Facebook today announced that nearly 200,000 iPhone and Android apps connect with Facebook and 45 percent of the top grossing iOS apps integrate the social network’s SDK, shining light on how the company’s mobile strength goes beyond its own apps.
At our Inside Social Apps conference in New York this week, there was a lot of discussion about which platforms to build on. For many developers, it’s still a common question about whether to build for Facebook or for mobile. Although Facebook does offer a vertical platform where apps can be used within the Facebook.com canvas, what’s often not discussed is how Facebook can be integrated horizontally across any other platform.
“We hear a lot, ‘Should I build a Facebook app or an iOS app, an Android app?'” Facebook’s Director of Platform Partnerships David Fisch said Monday during a fireside chat with Inside Network Managing Editor AJ Glasser. “Facebook is complementary to all of these. Since we’ve started, we’ve talked about how it’s a social layer. It started with web and now moved to mobile. Because there are so many different devices and you want to connect people across them, by definition, Facebook has to be part of all of them.”
An iOS app can be a Facebook app. A mobile website can be a Facebook app. A console game can be a Facebook app. Your car, your shoes, your credit card or your toothbrush can be Facebook apps.
The misperception that Facebook apps are limited to those on Facebook.com contributes to skepticism about the company’s longterm potential, especially on mobile. The market hears that users and developers are turning to “mobile games” over “Facebook games” and starts to count Facebook out. The reality is that nine of the 10 top grossing iOS apps connect with Facebook. The majority of the top Open Graph applications — those using Facebook’s latest sharing features — are open web and mobile integrations. In fact, six of the top 10 apps with the most monthly active users connecting with Facebook aren’t canvas apps. They range from websites to mobile apps to desktop software.
Facebook has been talking about being a “social layer” since 2008, and yet it’s still largely regarded as a single channel for developers. What does Facebook have to do to prove its horizontal platform is worth talking about for every mobile app, website or web-connected device?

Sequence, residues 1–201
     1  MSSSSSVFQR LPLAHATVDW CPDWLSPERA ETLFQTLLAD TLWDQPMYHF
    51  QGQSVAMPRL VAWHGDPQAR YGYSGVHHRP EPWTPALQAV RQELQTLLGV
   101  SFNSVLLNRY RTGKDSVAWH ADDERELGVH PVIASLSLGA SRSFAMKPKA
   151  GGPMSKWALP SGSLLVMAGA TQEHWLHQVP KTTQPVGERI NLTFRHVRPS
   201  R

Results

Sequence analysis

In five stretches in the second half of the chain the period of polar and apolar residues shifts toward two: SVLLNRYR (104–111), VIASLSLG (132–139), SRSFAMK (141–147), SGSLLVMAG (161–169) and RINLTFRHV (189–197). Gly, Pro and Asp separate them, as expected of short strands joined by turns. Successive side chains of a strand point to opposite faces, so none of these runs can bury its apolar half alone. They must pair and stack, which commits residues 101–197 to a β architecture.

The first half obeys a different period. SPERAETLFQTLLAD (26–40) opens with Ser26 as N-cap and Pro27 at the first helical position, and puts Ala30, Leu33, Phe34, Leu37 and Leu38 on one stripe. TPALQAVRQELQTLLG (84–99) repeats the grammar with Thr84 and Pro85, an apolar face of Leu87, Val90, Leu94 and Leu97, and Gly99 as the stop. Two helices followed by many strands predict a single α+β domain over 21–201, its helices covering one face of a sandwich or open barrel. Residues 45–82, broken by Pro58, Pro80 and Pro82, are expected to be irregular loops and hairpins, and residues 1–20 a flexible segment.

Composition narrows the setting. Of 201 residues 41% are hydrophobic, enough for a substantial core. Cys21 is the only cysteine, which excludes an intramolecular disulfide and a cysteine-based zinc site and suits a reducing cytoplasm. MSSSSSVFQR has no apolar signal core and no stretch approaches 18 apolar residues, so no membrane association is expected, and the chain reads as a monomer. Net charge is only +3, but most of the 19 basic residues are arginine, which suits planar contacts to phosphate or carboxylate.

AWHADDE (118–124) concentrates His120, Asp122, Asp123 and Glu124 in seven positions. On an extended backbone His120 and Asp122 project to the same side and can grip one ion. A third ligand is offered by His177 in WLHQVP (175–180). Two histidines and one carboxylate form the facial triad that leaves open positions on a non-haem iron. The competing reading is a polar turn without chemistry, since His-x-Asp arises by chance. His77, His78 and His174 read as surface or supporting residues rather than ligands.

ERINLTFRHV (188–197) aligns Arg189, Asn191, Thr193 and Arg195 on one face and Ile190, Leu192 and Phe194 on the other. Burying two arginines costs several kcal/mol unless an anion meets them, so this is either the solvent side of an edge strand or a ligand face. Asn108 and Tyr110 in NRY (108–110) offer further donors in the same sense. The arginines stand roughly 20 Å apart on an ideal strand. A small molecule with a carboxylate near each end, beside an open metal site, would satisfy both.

The early adopters help legitimize the concept, but swings in app usage due to News Feed changes leave doubt for some. Still, there are a lot of success stories. Today Facebook shared that mobile fitness app Endomondo has seen 8x as many referrals since integrating Open Graph in March. Cross platform music app Deezer has seen the number of people using their app triple since integrating with Facebook. Mobile music discovery app Shazam says 85 percent of Facebook-connected users post songs they tag to Facebook and the app has seen 47 percent growth in Facebook-connected users since launching with Open Graph.
In the end, investors and other pundits might not recognize Facebook’s mobile strength until it begins making money off the apps that connect with it. On Facebook.com, when developers make money from payments, Facebook makes 30 percent of that. It can even generate revenue from the ads that appear on-site while users engage with canvas apps. If a mobile app makes money — even if Facebook integration helped drive discovery, growth and engagement — Facebook doesn’t get a cut.
But even though third-party mobile apps don’t bring in revenue for Facebook today, the company is building a base that it could monetize further over time, either by getting developers to buy ads, implementing a mobile ad network or making deals to share revenue in return for providing distribution or other infrastructure. Facebook didn’t attempt to monetize mobile News Feed until March of this year, and now it’s making more than $3 million a day from ads in that channel.